• When we examine how Stalin controlled the Russian people, there are TWO MAIN FACTORS RESPONSIBLE:
  • Fear
    • Establishment of a Dictatorship
    • Development of a Terror State
  • Propaganda
    • The use of Propaganda to Control
    • Control over the Education System & Arts
    • Cult of Personality
slide44

ALL THE NOISY GIRLS

SHUT UP!!!!!

If not I will purge you!

control over russians1
Control over Russians

1) Establishment of a Dictatorship

  • Stalin established an authoritarian regime where he was a dictator and held all the political power in his hands.
  • As a dictator, Stalin could make laws without consulting other members of the government or the people of Russia.
  • He banned other political parties from the Soviet Union and anyone who opposed Stalin was beaten, jailed or even killed.
control over russians2
Control over Russians

2) The Use of Propaganda to Control

  • Stalin used propaganda to persuade people to accept and obey him as the rightful leader of the country.
  • Stalin often exaggerated his achievements and made writers and journalists portray him as a hero of the people.
the use of propaganda to control
The Use of Propaganda to Control

False information

  • In his rise to power, Stalin lied to make Trotsky look like a bad person
  • During the Five-Year Plans, published statistics were made up to make the economic situation look good
  • Newspapers, radios and posters gave out state-controlled information
  • There was state censorship of everything
    • Writing, art, music and plays were censored
  • School textbooks were changed on a regular basis
the use of propaganda in industrial production
The Use of Propaganda in Industrial Production

How did propaganda increase industrial production?

  • The Five-Year Plans encouraged everyone to exceed their targets
  • Alexei Stakhanov
    • A coalminer who mined 102 tons of coal with his work gang in one shift in 1935
    • Posters, newspapers and radio reports presented him as a hero, urging Russians to follow his example
  • Later, Stalin admitted that Stakhanov had been working on an easy seam of coal with the best equipment
control over russians3
Control over Russians

5) The Cult of Personality (Cult of Stalin)

  • Stalin tried to make the Russian people worship him as a leader.
  • He often portrayed himself as a cheerful, fatherly and popular man.
  • Statues, pictures and paintings of him were placed prominently all over Russia from government offices to factories to schools to humble homes.
  • Successes of Russia were also attributed to Stalin.
control over russians4
Control over Russians

3) Control Over the Education System & Arts

  • Stalin also controlled the education system by centralizing it and controlling it through the government.
  • Schools had to teach Marxist and Leninist ideas and instill complete loyalty to the state among the students.
  • Stalin’s role in important events such as the October 1917 Revolution was increased and those of his enemies or opponents unfairly represented or ignored.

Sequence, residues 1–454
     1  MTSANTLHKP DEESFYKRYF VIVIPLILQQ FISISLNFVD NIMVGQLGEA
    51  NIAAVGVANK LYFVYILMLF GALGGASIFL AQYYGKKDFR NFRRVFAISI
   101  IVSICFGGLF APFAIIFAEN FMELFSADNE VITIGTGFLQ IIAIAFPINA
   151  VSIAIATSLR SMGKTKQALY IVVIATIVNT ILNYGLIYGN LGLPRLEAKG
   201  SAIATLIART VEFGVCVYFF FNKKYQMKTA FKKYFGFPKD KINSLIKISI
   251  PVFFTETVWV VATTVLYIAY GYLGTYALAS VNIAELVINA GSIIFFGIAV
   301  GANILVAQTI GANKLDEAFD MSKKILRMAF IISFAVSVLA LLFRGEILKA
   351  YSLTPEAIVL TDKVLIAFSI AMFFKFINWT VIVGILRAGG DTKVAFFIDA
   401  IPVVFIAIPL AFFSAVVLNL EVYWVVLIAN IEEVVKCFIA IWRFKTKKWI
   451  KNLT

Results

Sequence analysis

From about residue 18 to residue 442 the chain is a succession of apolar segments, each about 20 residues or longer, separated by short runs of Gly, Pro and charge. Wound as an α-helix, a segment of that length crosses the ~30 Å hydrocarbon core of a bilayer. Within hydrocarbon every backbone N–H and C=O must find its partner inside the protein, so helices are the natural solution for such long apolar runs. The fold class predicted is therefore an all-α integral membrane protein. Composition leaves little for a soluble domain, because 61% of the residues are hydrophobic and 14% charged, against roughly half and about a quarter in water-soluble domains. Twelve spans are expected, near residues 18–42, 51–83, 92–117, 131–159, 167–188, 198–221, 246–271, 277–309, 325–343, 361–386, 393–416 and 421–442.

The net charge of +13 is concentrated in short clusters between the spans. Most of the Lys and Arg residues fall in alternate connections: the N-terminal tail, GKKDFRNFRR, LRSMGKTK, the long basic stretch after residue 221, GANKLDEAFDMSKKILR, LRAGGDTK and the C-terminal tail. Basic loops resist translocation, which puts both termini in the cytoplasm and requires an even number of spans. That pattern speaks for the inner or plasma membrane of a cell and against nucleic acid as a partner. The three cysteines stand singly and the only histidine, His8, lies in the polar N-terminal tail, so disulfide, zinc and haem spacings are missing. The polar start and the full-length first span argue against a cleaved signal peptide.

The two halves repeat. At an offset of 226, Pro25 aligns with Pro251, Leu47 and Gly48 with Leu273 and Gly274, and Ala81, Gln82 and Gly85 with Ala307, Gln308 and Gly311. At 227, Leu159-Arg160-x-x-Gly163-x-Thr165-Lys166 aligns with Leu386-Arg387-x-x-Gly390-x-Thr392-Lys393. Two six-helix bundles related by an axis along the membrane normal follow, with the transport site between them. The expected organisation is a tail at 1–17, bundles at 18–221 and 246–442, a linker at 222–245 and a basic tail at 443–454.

control over russians5
Control over Russians

3) Control Over the Education System & Arts

  • Strict discipline was enforced for teachers and students who would be purged if they were anti-Stalin.
  • Authors and artists were forced to portray Stalin in good light.
  • Emphasis was placed on highlighting and promoting Stalin’s industrialization success and as a result there was a lack of variety in Soviet culture at the time.
control over russians6
Control over Russians

4) Stalin’s Purges (Development of a Terror State)

  • Used the high-profile murder of one of his supporters to purge his opponents in the Communist Party over the years 1934 to 1938.
  • Arrested by the NKVD (secret police), the opponents were sent to jail, tortured, sent to labour camps or simply executed.
  • Intellectuals, politicians, teachers, writers, workers, armed forces personnel, scientists, ordinary Russians and anyone perceived as a threat to Stalin was not spared.
control over russians7
Control over Russians

4) Stalin’s Purges (Development of a Terror State)

  • Those arrested were put on “show trials” where they were made to admit to ridiculous crimes and sign confessions before being jailed or executed.
  • People lived in an atmosphere of fear and suspicion. People were encouraged to inform on one another and no evidence was necessary for persecution.
  • Mass executions were carried out and the victims buried in mass graves. Over 20 million Russians lost their lives to the purges.
slide70

Stalin probably perfected

the art of ‘air-brushing’

control over russians8
Control over Russians

5) The Cult of Personality (Cult of Stalin)

  • Stalin tried to make the Russian people worship him as a leader.
  • He often portrayed himself as a cheerful, fatherly and popular man.
  • Statues, pictures and paintings of him were placed prominently all over Russia from government offices to factories to schools to humble homes.
  • Successes of Russia were also attributed to Stalin.
summary using fear to control people
Summary: Using Fear to Control People
  • Stalin’s policies were hard on the people
  • Despite state propaganda convincing people to make sacrifices, opposition grew in the 1930s
  • Hardships due to his policies were worsened by the 1932 famine, increasing opposition
  • Stalin stamped out opposition ruthlessly through the use of fear
summary oppression of the people
Summary: Oppression of the People

Finding the opposition

  • Opponents of Stalin
    • Arrested, tried, sent off to labour camps (gulags) or just ‘disappeared’
  • Stalin used the secret police to hunt down his opposition
    • Arrested, questioned and shot people to order
  • People were encouraged to inform against friends, neighbours and family.
  • People were arrested for even trivial examples of opposition.
    • E.g. telling anti-Stalin jokes warranted an arrest
evaluation of stalin s rule
Good:

In the long run, agriculture became collectivised and yielded higher returns as farming became mechanised

Standards of living improved in industrialised towns

Bad:

Purges – killed many Russians

Human cost of the Five-Year Plans

State Control and oppression of freedom

Evaluation of Stalin’s Rule
achievements failures
There were huge achievements in the following areas:

new cities

dams/ hydroelectric power

transport & communications

the Moscow Underground

farm machinery

electricity

coal

steel

fertilizers

plastic

no unemployment

doctors & medicine

education.  

The USSR was also transformed into a modern state and was able to resist Hitler’s invasion in the 1940s

Poorly organised – inefficiency, duplication of effort and waste.  

Appalling human cost:

discipline (sacked if late)

secret police

slave labour

labour camps (for those who made mistakes)

accidents & deaths (100,000 workers died building the Belomor Canal)

few consumer goods

poor housing

wages FELL

no human rights

Achievements & Failures